Phenols are molecules that have a hydroxyl group attached to the carbon atom of an aromatic ring.
Synthesis of Phenols
You can prepare phenols in large quantities by the pyrolysis of the sodium salt of benzene sulfonic acid, by
the Dow process, and by the air oxidation of cumene. Each of these processes is described below. You can
also prepare small amounts of phenol by the peroxide oxidation of phenylboronic acid and the hydrolysis of
diazonium salts.
Reactions of Phenolic Hydrogen
Phenols are acidic because of the ease with which the oxygen atom will release the hydrogen bonded to it.
This section describes typical reactions that occur as a result of the acidity of phenols.

Reactions of Phenolic Hydrogen
Phenols are acidic because of the ease with which the oxygen atom will release the hydrogen bonded to it.
This section describes typical reactions that occur as a result of the acidity of phenols.
Reactions with bases
Because phenol is acidic, it reacts with bases to form salts.

Esterification of phenol
Phenols form esters with acid anhydrides and acid chlorides.

Williamson ether synthesis
Ethers are produced from phenol by the Williamson method via an SN mechanism.

In organic chemistry
, phenols, sometimes called phenolics, are a class of chemical compound
s consisting of a hydroxyl
) bonded
directly to an aromatic hydrocarbon
group. The simplest of the class is phenol (C6H5OH).

Although similar to alcohol
s, phenols have unique properties and are not classified as alcohols (since the hydroxyl group is not bonded to a saturated carbon atom). They have
higher acid
ities due to the aromatic ring's tight coupling with the oxygen and a relatively loose bond between the oxygen
and hydrogen
. The acidity of the hydroxyl group in phenols is commonly intermediate between that of aliphatic alcohols and carboxylic acid
s (their pKa is usually between 10 and 12).

Loss of a positive hydrogen ion (H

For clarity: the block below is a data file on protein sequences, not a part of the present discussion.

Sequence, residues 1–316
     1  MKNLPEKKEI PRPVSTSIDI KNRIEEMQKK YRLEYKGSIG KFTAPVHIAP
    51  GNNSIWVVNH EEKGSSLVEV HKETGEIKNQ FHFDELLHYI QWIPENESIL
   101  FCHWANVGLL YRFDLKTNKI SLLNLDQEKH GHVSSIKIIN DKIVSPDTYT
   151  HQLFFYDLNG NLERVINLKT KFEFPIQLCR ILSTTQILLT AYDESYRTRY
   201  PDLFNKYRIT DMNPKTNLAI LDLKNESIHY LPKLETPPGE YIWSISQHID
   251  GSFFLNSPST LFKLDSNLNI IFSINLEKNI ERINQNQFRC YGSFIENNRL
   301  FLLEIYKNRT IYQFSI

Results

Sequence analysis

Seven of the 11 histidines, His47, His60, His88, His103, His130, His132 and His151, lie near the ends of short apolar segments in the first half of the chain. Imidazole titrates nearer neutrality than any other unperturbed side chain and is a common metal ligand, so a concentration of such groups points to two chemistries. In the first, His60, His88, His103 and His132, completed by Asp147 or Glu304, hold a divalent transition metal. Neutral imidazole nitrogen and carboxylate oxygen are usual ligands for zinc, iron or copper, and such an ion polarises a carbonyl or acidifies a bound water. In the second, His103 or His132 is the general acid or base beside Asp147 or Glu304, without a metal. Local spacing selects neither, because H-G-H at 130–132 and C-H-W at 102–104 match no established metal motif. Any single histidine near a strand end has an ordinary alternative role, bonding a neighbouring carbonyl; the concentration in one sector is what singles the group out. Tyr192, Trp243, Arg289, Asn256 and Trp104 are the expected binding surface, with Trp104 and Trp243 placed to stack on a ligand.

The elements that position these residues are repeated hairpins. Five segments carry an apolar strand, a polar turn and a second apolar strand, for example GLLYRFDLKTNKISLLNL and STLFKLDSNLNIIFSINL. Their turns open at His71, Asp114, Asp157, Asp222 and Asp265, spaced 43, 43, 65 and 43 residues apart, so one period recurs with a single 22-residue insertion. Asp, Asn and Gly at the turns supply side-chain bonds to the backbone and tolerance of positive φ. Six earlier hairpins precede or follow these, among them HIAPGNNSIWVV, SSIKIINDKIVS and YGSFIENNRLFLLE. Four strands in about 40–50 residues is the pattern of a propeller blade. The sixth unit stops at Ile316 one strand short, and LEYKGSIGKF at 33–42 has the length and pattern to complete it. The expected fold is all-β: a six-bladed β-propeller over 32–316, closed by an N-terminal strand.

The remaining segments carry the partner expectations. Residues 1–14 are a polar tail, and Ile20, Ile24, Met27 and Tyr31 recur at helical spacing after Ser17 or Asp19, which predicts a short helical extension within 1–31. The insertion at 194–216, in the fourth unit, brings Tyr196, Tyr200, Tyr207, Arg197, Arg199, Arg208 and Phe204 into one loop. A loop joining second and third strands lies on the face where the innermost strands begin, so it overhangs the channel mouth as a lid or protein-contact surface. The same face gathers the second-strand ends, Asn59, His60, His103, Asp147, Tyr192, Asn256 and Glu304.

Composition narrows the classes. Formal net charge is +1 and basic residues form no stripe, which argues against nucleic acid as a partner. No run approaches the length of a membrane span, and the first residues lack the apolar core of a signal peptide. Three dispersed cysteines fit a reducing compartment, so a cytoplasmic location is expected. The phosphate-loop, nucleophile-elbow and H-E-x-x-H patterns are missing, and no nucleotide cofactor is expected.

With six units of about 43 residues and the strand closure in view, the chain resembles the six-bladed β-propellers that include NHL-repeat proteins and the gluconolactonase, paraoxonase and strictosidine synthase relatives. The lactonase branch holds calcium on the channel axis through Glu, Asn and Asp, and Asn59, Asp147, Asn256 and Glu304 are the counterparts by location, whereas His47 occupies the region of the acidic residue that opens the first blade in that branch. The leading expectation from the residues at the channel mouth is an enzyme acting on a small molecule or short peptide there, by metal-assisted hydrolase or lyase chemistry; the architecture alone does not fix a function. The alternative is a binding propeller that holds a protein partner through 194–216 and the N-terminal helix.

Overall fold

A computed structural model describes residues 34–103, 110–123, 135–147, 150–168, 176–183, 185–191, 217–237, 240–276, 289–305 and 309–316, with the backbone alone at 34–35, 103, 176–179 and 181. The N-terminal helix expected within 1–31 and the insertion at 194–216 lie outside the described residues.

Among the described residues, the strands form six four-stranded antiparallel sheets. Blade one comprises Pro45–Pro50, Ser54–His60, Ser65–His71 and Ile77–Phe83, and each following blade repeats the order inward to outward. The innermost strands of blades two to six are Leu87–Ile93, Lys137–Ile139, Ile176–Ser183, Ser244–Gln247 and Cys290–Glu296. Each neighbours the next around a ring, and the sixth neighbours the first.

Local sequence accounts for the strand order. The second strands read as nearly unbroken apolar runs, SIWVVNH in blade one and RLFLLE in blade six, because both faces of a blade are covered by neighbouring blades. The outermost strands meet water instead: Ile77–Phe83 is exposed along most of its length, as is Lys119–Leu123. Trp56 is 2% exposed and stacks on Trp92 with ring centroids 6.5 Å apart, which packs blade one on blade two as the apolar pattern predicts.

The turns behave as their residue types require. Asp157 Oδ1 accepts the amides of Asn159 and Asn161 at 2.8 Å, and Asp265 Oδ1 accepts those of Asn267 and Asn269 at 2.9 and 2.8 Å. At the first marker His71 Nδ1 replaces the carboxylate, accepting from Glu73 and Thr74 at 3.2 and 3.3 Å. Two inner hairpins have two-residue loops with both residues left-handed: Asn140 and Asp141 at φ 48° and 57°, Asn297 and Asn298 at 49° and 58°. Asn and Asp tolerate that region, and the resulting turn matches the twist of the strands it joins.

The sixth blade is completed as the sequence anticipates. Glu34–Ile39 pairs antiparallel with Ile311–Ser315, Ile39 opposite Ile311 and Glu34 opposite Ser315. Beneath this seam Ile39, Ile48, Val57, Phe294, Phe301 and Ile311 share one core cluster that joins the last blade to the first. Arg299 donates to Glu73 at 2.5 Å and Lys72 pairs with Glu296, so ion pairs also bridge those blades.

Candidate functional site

) from the hydroxyl group of a phenol forms a corresponding negative phenolate ion or phenoxide ion, and the
corresponding salts are called phenolates or phenoxides, although the term aryloxides is preferred according to the IUPAC Gold Book.

Phenols can have two or more hydroxy groups bonded to the aromatic ring(s) in the same molecule. The simplest examples are the three benzenediol
s, each having two hydroxy groups on a benzene ring.

Some phenols are germicidal and are used in formulating disinfectants. Others possess estrogen
ic or endocrine disrupting
Synthesis of phenols

Several laboratory methods for the synthesis of phenols:
 by an ester rearrangement in the Fries rearrangement

 by a rearrangement of N-phenylhydroxylamines in the Bamberger rearrangement

 by hydrolysis
of phenolic ester
s or ether
 by reduction of quinone
 by replacement of an aromatic amine by an hydroxyl group with water and sodium bisulfide in the Bucherer reaction

 by hydrolysis
of diazonium salts
 by oligomerisation with formaldehyde + base catalysed reaction with epichlorohydrine to epoxi resin components
 by reaction with acetone/ketones to e.g. Bisphenol A
, an important monomer for resins, e.g. polycarbonate(PC), epoxi resins
 by a rearrangement reaction
of dienones in the dienone phenol rearrangement :

 by the oxidation of aryl silanes - an aromatic variation of the Fleming-Tamao oxidation

 by the addition of benzene and propene in H3PO4 to form cumene then O2 is added with H2SO4 to form the Phenol (Hock

Reactions of phenols

Phenols react in a wide variety of ways.
 Esterfication reactions and ether
 Electrophilic aromatic substitution
s as the hydroxyl group is activating
, for example synthesis of calixarenes
 Reaction of naphtols and hydrazines and sodium bisulfite in the Bucherer carbazole synthesis

 Oxidative cleavage, for instance cleavage of 1,2-dihydroxybenzene to the monomethylester of 2,4 hexadienedioic acid with oxygen, copper